Sodyera (sodyera) wrote in linguaphiles,

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Seny'a Yabat av lanv'e

(Moving the Ball Forward)

Sometimes I just don't know what people want.
Stirring trouble upon my arrival, recent comments have expressed an objection to something referred to as "calling a rabbit a smeerp", where a local/foreign term is substituted for a common noun in the text of a story. I'd used the technique on occasion as a teaching tool in my novels principally to impart local colour. Hey, I'd seen it used liberally in several books I'd read and I rather liked it; I had no idea that it was considered a Bad Thing. I'm writing about a culture where there are no Earth people around to translate for, and I've tried to avoid breaking the narrative to define non-contextual specifics until there was a legitimate lull where the definition wouldn't hurt, and would usually help. Oh, and I've got to tell a story, too? Cheez, man!

Once I substituted a boring paragraph of geographical exposition with a filk song people actually liked. {filk=parody in the fannish realm; there are frequent gatherings, conventions and a whole LJ forum about it.} An earlier draught featured a glossary and there were some beta readers objected to it and others liked it. Years ago in the APA Linguiça I wrote some facing paragraphs about mundane crap in both English and Yal Dawo, just to prove that I could. {I'm told this would not work in a novel until I became a lot more famous.} I could write entire historical treatises to explain the niche(s) in time in which the stories took place but then they wouldn't really be novels, would they? They'd be an RPG base, and I'm not a gamer.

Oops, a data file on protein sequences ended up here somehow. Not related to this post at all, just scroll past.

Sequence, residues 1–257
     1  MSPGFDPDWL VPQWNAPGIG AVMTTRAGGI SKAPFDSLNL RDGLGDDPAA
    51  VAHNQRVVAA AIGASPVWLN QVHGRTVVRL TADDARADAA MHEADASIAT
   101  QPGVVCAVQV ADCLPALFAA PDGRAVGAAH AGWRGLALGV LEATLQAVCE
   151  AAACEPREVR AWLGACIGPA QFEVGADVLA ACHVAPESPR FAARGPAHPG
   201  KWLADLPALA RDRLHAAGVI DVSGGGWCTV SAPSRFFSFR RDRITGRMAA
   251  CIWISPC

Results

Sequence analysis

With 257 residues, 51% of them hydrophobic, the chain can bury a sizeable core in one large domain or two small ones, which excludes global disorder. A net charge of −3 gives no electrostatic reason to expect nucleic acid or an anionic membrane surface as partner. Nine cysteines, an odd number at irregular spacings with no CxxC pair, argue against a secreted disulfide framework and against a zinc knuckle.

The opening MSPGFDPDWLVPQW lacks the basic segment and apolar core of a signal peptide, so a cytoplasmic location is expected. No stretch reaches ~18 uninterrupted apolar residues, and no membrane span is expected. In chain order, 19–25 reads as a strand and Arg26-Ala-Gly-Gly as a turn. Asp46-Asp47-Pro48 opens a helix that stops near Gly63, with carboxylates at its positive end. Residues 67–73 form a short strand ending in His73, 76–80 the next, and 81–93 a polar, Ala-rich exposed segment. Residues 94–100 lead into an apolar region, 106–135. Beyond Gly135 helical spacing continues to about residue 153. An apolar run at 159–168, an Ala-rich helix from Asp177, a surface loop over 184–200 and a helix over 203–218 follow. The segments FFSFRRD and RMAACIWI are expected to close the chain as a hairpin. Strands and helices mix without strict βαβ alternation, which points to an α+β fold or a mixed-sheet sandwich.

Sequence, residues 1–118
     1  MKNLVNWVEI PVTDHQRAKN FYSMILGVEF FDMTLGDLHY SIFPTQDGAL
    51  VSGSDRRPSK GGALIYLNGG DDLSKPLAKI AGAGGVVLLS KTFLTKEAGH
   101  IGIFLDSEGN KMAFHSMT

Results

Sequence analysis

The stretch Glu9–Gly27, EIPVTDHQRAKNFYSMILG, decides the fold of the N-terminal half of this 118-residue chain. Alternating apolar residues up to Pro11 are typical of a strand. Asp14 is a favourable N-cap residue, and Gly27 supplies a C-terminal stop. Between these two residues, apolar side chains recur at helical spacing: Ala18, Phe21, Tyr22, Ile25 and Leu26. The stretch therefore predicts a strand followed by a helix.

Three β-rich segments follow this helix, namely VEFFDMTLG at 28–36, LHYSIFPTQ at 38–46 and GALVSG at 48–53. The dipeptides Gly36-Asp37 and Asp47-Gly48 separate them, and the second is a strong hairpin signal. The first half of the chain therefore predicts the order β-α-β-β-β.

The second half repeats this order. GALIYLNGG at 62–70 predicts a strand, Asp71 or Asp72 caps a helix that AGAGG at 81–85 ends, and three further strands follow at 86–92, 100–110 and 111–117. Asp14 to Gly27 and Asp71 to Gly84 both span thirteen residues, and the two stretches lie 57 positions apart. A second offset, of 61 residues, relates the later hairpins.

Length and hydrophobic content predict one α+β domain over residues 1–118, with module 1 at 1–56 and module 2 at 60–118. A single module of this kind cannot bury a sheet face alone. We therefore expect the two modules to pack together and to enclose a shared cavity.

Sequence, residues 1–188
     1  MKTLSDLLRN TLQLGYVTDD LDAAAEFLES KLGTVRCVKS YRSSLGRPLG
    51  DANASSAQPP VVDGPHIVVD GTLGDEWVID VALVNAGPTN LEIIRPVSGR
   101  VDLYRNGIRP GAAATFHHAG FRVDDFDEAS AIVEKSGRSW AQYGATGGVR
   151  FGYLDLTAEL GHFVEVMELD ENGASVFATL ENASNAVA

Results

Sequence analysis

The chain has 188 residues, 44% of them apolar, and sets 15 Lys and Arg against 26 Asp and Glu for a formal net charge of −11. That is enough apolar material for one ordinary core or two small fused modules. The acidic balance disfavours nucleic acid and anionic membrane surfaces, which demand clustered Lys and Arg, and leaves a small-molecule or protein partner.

As a writer I am willing to please the public but I will not write stories about extraterrestrials named Bob and Sue (unless they were deliberately dumbing themselves down for the Earthers) when the whole point was to open a database of words and history that made my whole project interesting to me in the first place. When individual words made themselves obvious to me I started writing them down (instead of muttering them to myself under my breath). When the words broke down into their bases and origins, I got bunches of cultural trivia and historical markers. My notes metastasized into an English/Yal Dawo dictionary called the Felo Jaossiness (n., lit. "List of Words") but without any stories for it to explain to anyone, that will probably just sit on my hard drive, growing slowly by the year.

So as far as such things go, what do you like to see? What technique (or standard) works for you?
Tags: language origins, writing

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